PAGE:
We are at the border between Uganda and Kenya. The railways have been in a reasonable condition over much of our journey to Malaba. A few of the branch-lines have deteriorated badly and the ride along the main-line has not been all that smooth. Sadly, as we travel into Uganda, things get a lot worse.
First a map of the railway system. The system is entirely focussed on transporting, primarily, goods to the coast at Mombasa. Little thought has been given to providing a network of feeder railways for Uganda’s capital. All railways lead to Tororo rather than to Kampala.The map below shows the first length of the journey from the Kenyan border at Malaba to Tororo. At Tororo there is a major junction where the line to Kampala and Kasese diverged from the line to Arua.The first picture below is taken from a Tororo-bound train in August 1971 and shows an Eastbound service waiting for the line out of Malaba into Kenya.111466: Malaba Kenya Eastbound Goods 3144 Tharaka Taken from Westbound Mail, © Weston Langford. 401461: near Tororo Uganda Mountain outcrop viewed from train, © Weston Langford. 111469: Tororo Station in Uganda, a passenger train for Pakwach behings a Class 60 Garratt No. 6023, © Weston Langford.  Tororo is the junction from the main line for the line to Arua and Pakwach East on the Upper Nile. Weston Langford had booked himself onto a tour train in August 1971 not long after the coup led by Idi Amin. He comments: “The tour party rode in carriages transferred from the Mail to the branch train. There was no sign of any immigration presence so the tour party repaired to the local police station where we were breezily told to report to the police at our first overnight stop. On the wall of the police station was a magazine page of a photo of the Queen and Commonwealth Heads of Government. It was stuck to the wall with sticky tape. The rest of that first day was a pleasant train ride through the African countryside. As far as Soroti the engine was a 60 class Garratt. The 60 class bore a striking resemblance to the South Australian 400 Class. From Soroti onwards the engine was a 24 Class 4-8-0.”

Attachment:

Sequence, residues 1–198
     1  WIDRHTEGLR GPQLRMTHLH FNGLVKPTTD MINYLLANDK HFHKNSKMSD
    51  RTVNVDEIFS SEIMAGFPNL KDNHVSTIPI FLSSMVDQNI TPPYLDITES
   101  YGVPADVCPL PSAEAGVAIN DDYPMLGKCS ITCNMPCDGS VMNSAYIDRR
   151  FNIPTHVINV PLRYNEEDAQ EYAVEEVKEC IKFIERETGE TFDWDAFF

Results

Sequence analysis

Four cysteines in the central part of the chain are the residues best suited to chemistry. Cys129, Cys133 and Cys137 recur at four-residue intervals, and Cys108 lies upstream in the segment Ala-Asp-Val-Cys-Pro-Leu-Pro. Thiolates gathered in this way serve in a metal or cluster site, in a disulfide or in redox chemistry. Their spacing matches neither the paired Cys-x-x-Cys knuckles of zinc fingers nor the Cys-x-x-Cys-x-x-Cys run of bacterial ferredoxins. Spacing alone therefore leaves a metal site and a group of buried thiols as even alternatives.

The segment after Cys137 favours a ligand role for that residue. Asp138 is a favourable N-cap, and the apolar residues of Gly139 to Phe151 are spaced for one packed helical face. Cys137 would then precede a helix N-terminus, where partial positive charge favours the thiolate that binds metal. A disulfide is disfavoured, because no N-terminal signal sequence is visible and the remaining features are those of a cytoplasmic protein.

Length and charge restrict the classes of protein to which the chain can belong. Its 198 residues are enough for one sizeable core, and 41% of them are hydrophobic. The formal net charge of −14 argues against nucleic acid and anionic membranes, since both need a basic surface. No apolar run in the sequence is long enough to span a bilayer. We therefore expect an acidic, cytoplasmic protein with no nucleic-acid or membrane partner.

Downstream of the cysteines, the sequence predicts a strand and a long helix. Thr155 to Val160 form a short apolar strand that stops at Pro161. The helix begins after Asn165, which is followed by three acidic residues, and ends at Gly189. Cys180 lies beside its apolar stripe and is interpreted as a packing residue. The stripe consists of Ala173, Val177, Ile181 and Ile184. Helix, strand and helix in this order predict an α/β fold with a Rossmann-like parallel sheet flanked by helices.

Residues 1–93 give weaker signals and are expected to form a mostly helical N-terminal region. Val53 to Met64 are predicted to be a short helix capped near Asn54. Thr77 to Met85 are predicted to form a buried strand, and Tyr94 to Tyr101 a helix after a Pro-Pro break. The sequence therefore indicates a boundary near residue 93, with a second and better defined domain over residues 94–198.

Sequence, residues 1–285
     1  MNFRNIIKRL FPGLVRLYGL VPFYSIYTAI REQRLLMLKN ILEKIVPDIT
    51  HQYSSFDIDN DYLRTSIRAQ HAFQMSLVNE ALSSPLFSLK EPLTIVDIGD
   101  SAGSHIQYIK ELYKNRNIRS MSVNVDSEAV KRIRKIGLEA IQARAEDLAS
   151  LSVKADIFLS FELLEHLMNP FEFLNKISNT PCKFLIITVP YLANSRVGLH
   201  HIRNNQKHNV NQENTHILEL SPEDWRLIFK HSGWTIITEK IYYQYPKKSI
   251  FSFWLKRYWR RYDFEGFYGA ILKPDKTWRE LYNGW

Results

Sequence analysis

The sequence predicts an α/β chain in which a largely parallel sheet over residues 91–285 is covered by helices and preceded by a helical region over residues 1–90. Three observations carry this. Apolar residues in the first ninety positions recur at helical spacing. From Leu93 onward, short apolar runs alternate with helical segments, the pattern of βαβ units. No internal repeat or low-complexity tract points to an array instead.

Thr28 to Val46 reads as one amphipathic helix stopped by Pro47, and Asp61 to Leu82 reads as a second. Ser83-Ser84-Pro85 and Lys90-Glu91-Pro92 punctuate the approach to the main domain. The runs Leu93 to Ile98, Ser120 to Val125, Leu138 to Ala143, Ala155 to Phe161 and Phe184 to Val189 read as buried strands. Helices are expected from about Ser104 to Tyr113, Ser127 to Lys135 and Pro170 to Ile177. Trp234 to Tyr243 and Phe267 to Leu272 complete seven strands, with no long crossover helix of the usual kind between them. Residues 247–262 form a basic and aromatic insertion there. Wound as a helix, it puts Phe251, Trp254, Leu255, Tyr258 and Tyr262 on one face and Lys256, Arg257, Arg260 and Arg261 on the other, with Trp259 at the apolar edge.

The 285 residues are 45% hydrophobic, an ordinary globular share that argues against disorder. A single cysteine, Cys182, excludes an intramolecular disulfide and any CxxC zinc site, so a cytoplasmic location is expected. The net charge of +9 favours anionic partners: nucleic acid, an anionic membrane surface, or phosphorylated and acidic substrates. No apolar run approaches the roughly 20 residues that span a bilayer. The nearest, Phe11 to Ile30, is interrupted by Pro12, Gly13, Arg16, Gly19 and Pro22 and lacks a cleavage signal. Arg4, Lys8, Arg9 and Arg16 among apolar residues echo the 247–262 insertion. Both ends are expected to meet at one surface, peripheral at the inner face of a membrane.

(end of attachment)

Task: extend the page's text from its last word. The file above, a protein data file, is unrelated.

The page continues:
Given that the first pictures I’ve found relate to a journey from Malaba to the North of Uganda, we will follow the branch-line first and return to the route of my own, 1994, journey later. Suffice to say that , in 1994, we arrived at Tororo in the early hours, between 3am and 4am. I was awoken from my sleep at Malaba, supposedly for a passport and visa check which did not happen, and I was just beginning to settle again when we passed through Tororo in the dark on our way to Kampala.111470: Tororo Uganda Passenger for Pakwach 6023 and Shunter 1106, © Weston Langford. The branch-line to the north of Uganda was closed for a very long time. In the 1970s, Idi Amin was influential in the break up of the east Afrian community and the transfer of the railway from the East African Railways and Harbours to the control of Uganda Railways. In subsequent years, tacks were stolen for steel, engines broke down and no spare parts were available, and the railways became so unreliable that they were effectively useless.  There was a brief period in the 1990s when some semblance of proper services were restored but ultimately to no avail.